The nodes of the lunar orbit
When the Moon crosses the ascending node, it moves north of the ecliptic. When the Moon crosses the descending node, it moves south of the ecliptic.
The ascending and the descending nodes of the Moon
The synodic and sidereal periods of the Moon
As the Moon orbits the Earth, it returns to the same position relative to the Sun in the sky about every 29.53 days or 709 hours. This is the synodic period of the Moon, on which the months of lunar calendars (e.g., the Islamic calendar) is based.
Unlike the stars, the Sun appears to move across the sky, and cannot be considered stationary relative to the Moon. This apparent solar motion is due to the orbital motion of the Earth around the Sun. Since the Earth revolves around the Sun, the Sun is actually stationary relative to the Earth, but from our point of view we feel that the Sun orbits the Earth and moves around the sky every year.
This is similar to the apparent motion of trees relative to a passenger in a train.
During the synodic period, the Moon goes through a complete cycle of phases from New Moon through waxing crescent, First Quarter, waxing gibbous, Full Moon, waning gibbous, Last Quarter and waning crescent to New Moon back again.
The phases of the Moon
The New Moon cannot be seen from the Earth as the nightside of the Moon is directed toward it at New Moon.
At Full Moon we see all the dayside of the Moon. The Full Moon rises at sunset, and is located opposite to the Sun in the sky and sets in the morning around sunrise.
The Eclipses of the Moon
The geometry of lunar eclipses
A lunar eclipse happens when the Moon passes in the shadow of the Earth and becomes darkened.
Like a tree, a building or yourself, the Earth casts a shadow due to sunlight. The shadow of the Earth is very large; it extends in space for nearly 1.4 million km. The length of the Earth's shadow varies by about 23,000 km due to the variable distance of the Earth from the Sun. So, the Earth's shadow is long enough to extend beyond the lunar orbit.
In a lunar eclipse, the Earth, Sun and Moon are lined up and the Earth lies between the two objects. Viewing this alignment from above or from the side shows that the three objects lie on one line.
A total lunar eclipse happens only when the Moon is Full, but we do not observe a lunar eclipse every month due to the inclination of the lunar orbit with respect to the ecliptic. At Full Moon the Moon usually passes above or below the orbital plane of the Earth along which the Earth's shadow is cast.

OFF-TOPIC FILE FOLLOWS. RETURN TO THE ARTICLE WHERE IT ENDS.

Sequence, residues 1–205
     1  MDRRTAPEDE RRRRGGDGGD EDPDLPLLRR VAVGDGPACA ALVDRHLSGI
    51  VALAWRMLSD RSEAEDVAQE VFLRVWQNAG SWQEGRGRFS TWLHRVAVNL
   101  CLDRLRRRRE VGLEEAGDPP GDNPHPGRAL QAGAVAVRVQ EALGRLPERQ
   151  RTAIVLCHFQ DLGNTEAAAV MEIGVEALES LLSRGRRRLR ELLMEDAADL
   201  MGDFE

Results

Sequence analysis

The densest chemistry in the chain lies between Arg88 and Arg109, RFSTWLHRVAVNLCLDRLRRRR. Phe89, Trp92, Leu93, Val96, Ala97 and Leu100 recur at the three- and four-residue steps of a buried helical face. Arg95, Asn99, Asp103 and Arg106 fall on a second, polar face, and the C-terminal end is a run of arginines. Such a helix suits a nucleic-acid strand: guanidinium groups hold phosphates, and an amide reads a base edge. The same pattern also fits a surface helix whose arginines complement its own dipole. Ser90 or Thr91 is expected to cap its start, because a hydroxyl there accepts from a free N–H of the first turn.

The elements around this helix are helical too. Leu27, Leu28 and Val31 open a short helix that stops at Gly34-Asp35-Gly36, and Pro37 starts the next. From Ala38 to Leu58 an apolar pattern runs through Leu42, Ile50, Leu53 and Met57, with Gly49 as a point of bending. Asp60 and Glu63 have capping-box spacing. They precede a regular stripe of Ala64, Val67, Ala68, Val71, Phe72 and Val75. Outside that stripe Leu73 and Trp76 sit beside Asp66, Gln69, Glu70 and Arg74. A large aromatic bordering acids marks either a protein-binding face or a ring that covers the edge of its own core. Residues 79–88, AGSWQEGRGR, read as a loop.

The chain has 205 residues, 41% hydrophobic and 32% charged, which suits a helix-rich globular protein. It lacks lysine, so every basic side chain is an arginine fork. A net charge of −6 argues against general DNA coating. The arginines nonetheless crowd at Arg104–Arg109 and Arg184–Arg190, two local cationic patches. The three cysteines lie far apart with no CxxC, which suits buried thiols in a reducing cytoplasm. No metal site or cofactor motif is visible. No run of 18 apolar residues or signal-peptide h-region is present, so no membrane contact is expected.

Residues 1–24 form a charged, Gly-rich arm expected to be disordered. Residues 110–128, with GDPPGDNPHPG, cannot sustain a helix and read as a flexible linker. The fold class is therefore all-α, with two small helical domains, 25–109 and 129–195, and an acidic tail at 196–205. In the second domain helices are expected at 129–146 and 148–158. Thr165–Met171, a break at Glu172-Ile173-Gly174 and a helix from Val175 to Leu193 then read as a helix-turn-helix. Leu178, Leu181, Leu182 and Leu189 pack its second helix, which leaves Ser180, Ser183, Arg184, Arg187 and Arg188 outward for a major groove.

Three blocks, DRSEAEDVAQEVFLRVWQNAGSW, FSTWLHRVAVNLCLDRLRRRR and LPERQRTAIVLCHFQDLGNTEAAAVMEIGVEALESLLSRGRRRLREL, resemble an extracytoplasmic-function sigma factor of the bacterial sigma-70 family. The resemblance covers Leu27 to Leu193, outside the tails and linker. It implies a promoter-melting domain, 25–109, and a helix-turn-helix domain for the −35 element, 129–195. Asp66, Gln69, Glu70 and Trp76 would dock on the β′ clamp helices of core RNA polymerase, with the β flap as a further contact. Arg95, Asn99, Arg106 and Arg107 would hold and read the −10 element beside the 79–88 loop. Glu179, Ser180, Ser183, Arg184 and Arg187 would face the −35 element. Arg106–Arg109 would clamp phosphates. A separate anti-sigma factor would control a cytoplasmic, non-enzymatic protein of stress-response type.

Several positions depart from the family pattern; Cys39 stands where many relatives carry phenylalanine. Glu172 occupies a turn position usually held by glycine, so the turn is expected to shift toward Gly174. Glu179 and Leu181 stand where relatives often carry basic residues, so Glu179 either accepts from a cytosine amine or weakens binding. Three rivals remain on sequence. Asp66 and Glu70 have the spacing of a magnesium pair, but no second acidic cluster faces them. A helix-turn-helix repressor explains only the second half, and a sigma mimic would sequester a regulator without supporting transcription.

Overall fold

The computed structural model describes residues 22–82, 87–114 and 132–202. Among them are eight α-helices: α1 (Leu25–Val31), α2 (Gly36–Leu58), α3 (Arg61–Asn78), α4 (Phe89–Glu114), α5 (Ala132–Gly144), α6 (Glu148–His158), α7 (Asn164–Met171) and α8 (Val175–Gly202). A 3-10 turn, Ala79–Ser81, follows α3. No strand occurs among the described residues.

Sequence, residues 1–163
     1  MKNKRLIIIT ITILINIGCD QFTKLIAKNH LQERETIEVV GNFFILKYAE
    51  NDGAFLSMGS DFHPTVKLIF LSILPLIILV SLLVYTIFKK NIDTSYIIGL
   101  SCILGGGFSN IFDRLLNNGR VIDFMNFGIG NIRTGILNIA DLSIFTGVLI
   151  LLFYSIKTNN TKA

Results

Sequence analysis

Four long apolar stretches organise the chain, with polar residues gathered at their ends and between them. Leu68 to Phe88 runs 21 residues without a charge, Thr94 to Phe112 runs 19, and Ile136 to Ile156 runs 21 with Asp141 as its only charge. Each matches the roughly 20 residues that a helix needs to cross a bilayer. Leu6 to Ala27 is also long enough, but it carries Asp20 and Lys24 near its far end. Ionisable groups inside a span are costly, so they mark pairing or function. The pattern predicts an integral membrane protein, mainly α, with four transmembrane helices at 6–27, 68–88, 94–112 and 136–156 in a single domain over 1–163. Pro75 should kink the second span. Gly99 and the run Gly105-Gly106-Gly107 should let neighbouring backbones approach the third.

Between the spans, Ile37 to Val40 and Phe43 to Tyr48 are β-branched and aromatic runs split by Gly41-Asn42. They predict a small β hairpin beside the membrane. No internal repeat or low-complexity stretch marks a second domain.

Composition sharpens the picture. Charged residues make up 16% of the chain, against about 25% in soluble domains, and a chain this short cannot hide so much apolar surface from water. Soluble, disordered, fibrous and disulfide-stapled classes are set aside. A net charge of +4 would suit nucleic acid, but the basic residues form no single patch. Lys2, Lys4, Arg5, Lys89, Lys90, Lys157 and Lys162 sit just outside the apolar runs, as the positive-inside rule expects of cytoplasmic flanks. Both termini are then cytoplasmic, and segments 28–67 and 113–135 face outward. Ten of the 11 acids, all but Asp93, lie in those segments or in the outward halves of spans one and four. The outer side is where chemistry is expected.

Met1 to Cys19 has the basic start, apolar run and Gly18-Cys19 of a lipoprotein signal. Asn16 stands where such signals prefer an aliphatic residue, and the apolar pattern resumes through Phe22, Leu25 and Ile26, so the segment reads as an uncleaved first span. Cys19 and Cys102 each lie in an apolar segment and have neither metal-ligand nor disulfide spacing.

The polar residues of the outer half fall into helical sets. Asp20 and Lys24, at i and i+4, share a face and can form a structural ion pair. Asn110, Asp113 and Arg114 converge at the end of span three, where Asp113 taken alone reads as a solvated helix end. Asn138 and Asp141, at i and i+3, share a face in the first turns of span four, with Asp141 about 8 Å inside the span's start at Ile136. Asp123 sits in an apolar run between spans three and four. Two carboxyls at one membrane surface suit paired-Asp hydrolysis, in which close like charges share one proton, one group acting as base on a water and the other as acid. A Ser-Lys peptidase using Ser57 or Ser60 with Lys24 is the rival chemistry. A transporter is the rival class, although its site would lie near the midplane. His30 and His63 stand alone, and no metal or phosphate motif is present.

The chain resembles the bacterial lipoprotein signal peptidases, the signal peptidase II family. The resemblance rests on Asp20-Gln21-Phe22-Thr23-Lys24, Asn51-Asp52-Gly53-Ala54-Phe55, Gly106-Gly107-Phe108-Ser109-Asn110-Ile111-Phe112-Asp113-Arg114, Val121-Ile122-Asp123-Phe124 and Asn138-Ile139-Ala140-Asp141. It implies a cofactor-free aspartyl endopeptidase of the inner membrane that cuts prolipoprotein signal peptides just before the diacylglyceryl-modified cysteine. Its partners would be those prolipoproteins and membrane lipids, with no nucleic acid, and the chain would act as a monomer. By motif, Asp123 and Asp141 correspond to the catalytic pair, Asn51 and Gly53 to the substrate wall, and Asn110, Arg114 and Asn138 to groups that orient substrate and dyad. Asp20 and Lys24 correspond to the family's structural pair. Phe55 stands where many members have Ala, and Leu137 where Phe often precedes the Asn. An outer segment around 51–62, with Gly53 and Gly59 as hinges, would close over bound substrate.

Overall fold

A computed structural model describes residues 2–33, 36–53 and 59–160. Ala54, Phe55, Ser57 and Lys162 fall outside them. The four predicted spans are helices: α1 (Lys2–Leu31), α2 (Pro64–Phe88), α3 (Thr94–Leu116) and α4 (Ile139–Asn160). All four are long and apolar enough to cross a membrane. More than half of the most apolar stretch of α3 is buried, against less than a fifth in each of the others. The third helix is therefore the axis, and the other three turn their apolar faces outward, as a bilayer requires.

The Earth's shadow consists of two overlapping parts that are conical in shape. In the outer part, the penumbra, the Earth blocks only part of the light coming from the Sun. The inner, darker part is known as the umbra, and it is opaque to all light coming directly from the Sun to the Moon.
The umbra has a diameter of about 10,000 km or 2.8 times the lunar diameter at the lunar orbit.
Ancient Greek astronomers argued that the Earth is spherical (not flat) when they found that the Earth's shadow cast on the Moon during lunar eclipses is circular in shape.
Types of Lunar Eclipses
There are three types of lunar eclipses: penumbral lunar eclipses, partial lunar eclipses and total lunar eclipses. The type of lunar eclipse is determined by the path of the Moon through the Earth's shadow.
Penumbral Lunar Eclipses
The passage of the Moon through the Earth's penumbra
A penumbral lunar eclipse occurs when the Moon passes through the Earth's penumbral shadow. Also, both partial and total lunar eclipses are preceded by a penumbral lunar eclipse. This type of lunar eclipse is very difficult to perceive with the unaided eye as the penumbra of the Earth is very faint and the Moon is only darkened slightly.
Powerful amateur telescopes can show a pale shading sweeping across the lunar disk during penumbral lunar eclipses.
Partial Lunar Eclipses
In a partial lunar eclipse, only a part of the Moon's disc passes through the Earth's umbral shadow. A partial lunar eclipse is less beautiful than a total lunar eclipse but it is a wonderful telescopic sight.